Postcolonial studies can help demystify these myths and also shed light on problems inherent in the study of religion. Postcolonial critics point out that “religion” is a problematic category and the study of religion in the modern West has often been linked to racism and the construction of the Other. When the academic study of religion developed in the mid-nineteenth century during the heyday of colonialism, Christianity was taken to be the reference when compared to the “mythic” religions of the East and the “primitive” religions of Africa. As religion emerged as a field of study in academia, there was a tendency to treat “religion” as sui generis and separate from other cultural, social, and political aspects. This reductionist and simplistic approach continues to be seen in introductory “World Religion” courses. Here, different religious traditions are reduced to certain belief systems, creeds, heroes, and a few key practices. In the name of religious literacy, a very truncated form of knowledge is introduced, which may heighten the differences of diverse traditions and reinforce biases students have already held. These kinds of introductory courses do not promote dialogue and peacebuilding because they reinforce colonial and Orientalist myths. Using insights from postcolonial and decolonial studies, Richard King, David Chidester, Santiago Slabodsky, and myself have pointed to new ways of conceptualizing the study of religion and theology drawing on our studies of Indian religions, African religions, Judaism, and Christianity respectively.
Postcolonial studies also offers constructive criticism for the emerging field of religion and peacebuilding, which focuses on the themes of interreligious dialogue, the retrieval of religious resources for peacebuilding in various traditions, and the instrumental role that religious actors and networks play in the dynamics of both conflict and peacebuilding. While studies in these areas have much to contribute, too often their focus has been on male academics, educated elites, and prominent religious leaders. More than thirty years ago, Gayatri Chakravorty Spivak, a leading postcolonial theorist, asked, “Can the subaltern speak?” Her question raised issues concerning the politics of representation, the relation between power and knowledge, and the importance of creating infrastructures so that subaltern voices could be heard and understood. In the study of religion and peacebuilding, it is crucial to pay attention to subaltern religious consciousness and grassroots efforts in promoting peace.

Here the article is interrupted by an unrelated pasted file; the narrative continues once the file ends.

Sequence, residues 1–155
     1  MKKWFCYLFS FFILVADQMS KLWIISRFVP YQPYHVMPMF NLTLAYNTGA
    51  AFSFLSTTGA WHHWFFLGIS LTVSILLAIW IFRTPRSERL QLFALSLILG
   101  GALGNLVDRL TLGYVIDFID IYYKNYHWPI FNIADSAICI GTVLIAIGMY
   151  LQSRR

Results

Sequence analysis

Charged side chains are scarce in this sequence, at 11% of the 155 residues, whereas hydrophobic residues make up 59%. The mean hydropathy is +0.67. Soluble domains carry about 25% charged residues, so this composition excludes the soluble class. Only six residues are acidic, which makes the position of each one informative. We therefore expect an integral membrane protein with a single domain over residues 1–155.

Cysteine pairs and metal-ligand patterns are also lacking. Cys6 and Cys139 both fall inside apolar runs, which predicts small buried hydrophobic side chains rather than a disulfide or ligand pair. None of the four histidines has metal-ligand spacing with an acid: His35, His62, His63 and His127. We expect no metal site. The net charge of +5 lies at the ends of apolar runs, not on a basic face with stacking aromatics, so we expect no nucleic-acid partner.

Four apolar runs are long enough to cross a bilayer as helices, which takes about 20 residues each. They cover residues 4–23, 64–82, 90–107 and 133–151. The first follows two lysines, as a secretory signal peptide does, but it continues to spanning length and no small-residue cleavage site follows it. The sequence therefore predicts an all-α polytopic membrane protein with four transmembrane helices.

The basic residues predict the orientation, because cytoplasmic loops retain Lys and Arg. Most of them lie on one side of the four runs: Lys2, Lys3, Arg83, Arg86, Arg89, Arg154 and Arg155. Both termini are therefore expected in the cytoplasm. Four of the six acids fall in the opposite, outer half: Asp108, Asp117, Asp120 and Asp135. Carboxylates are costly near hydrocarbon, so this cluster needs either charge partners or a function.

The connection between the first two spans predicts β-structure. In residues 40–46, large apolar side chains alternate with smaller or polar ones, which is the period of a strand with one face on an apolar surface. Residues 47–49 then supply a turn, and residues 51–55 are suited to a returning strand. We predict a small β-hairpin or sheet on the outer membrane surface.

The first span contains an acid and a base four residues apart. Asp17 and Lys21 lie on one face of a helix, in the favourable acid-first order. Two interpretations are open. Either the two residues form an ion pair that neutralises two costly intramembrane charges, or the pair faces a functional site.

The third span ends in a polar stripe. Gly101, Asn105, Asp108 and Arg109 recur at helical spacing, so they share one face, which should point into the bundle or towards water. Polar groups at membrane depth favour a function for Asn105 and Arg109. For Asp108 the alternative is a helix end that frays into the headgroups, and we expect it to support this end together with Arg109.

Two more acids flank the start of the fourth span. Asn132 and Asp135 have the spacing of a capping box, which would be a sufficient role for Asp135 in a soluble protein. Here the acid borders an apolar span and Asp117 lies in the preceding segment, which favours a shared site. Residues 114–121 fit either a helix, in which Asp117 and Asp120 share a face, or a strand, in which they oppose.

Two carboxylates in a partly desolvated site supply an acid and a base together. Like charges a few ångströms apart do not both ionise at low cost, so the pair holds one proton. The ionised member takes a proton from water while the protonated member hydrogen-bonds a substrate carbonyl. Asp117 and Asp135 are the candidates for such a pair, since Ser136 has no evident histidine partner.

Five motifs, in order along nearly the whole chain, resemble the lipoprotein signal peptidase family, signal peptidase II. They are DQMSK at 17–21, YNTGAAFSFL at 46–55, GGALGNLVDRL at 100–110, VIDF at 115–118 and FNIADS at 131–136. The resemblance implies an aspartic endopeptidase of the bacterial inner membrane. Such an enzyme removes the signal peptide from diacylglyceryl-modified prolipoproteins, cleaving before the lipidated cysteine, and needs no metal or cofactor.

Women’s participation in peacebuilding also needs to be highlighted. Women, Religion, and Peacebuilding discusses the obstacles and opportunities women religious peacebuilders face because patriarchal practices have often prevented them from assuming authority in religious organizations and leadership in peace efforts. Some women seek to work through religious institutions or find other spaces to promote peace and exert their influences. The late Dekha Ibrahim of Kenya, a devout Muslim, served as a trustee of Coalition for Peace in Africa and received several international awards for her peacebuilding efforts. Buddhist nun Mae Chee Sansanee from Thailand led a peace walk and reached out to Muslim women when conflicts broke out between the Buddhists and Muslims in southern Thailand. She has also led interreligious dialogue in conflict zones around the world. Catholic sister Marie-Bernard Alima of Congo formed a network called the Coordination of Women for Democracy and Peace to educate and train women to provide leadership in human rights, political movements, and efforts to prevent sexual and gender-based violence.
Postcolonial critics regard cultures and histories as overlapping and mutually inscribed, and such recognition can aid in peacebuilding. It is helpful to use the lens of hybridity to investigate how different religions and cultures have encountered, learned, and borrowed from one another and changed as a result. For example, when Christianity came to China in the seventh century, it had to borrow Buddhist and Daoist concepts to translate Christian terminologies. The symbol of Nestorian Christianity was a cross resting on a lotus flower, the latter of which is a symbol from Buddhism. A hybridized understanding of religious traditions and religious identities will help overcome a binary construction of “us” versus “them” and recover the history of complex interactions among diverse religious traditions. It will also open avenues to imagine identity and difference as fluid and changing in our increasingly interconnected world.